EXPANSE - EXposome Powered tools for healthy living in urbAN SEttings
By 2030 more than 80% of Europe’s population will live and interact with a complex urban environment, consisting of a mixture of social and environmental factors. These factors include: where we live and work, where and what we eat, our social network, and what chemical substances we are exposed to. Individually or collectively these factors, known as the Urban Exposome, have an often modifiable impact on our health and provide important targets to improve population health. By studying the impact of the Urban Exposome on the major contributors to Europe’s burden of disease: Cardio-Metabolic and Pulmonary Disease, EXPANSE will address one of the most pertinent questions for urban planners, policy makers, and European citizens: “How to maximize one’s health in a modern urban environment?”
EXPANSE will take the next step in Exposome research by: 1) bringing together the Exposome and health data of more than 55 million Europeans in administrative cohorts, in-depth Exposome, phenotype, and OMICs information for more than 2 million Europeans, and personalized Exposome assessment for 5,000 individuals living in five “Urban Labs”; 2) applying a novel approach to use ultra-high-resolution mass-spectrometry to agnostically screen for exogenous chemicals in 10,000 blood samples; 3) studying the evolution of the Exposome and health through the life-course via both (matured) birth and adult cohorts; and 4) evaluating the impact of changes in the Urban Exposome on the burden of Cardio-Metabolic and Pulmonary Disease.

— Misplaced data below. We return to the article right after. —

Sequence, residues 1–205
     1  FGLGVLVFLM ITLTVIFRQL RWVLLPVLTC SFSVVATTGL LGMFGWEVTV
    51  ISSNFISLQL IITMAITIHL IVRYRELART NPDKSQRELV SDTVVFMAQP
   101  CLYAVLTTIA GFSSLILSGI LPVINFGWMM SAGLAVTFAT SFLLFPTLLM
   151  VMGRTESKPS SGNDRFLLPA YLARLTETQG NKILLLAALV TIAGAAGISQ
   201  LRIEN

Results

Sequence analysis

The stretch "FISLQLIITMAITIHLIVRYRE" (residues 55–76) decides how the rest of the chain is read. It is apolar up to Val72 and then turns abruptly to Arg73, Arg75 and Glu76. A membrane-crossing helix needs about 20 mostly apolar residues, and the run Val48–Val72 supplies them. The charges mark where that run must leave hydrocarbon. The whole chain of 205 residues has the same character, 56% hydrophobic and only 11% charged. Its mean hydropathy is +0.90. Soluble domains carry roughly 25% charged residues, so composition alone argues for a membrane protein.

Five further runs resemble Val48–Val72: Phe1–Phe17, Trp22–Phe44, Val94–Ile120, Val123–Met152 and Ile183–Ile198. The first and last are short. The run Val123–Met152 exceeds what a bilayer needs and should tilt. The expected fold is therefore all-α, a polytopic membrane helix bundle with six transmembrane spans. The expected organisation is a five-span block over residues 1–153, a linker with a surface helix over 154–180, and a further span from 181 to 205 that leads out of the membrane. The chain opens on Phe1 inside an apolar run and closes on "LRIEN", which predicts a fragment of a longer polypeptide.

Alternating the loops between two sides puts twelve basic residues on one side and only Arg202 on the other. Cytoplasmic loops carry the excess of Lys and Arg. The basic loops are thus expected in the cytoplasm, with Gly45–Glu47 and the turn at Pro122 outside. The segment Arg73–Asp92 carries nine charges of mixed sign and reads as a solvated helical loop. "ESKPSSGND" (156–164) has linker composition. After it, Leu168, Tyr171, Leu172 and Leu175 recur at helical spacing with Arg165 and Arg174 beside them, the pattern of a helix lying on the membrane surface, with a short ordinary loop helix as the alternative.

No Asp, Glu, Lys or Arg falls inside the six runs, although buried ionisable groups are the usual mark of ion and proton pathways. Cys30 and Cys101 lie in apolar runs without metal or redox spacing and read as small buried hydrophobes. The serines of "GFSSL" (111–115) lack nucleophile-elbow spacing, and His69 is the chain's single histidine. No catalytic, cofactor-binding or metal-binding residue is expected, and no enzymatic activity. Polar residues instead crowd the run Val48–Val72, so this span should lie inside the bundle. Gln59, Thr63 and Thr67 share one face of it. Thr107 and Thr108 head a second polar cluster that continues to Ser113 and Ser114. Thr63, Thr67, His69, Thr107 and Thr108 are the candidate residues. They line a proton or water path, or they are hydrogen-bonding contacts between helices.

EXPANSE will translate its insights and innovations into research and dissemination tools that will be openly accessible via the EXPANSE toolbox. By applying innovative ethics-by-design throughout the project, the social and ethical acceptability of these tools will be safeguarded. Tool discoverability and accessibility will be stimulated through the EXPANSE hub in which citizens, public sector policy makers, and private sector companies collectively participate.
Nicole Probst-Hensch, Professor, PhD (Pharmacy and Epidemiology), MPH
Head of Department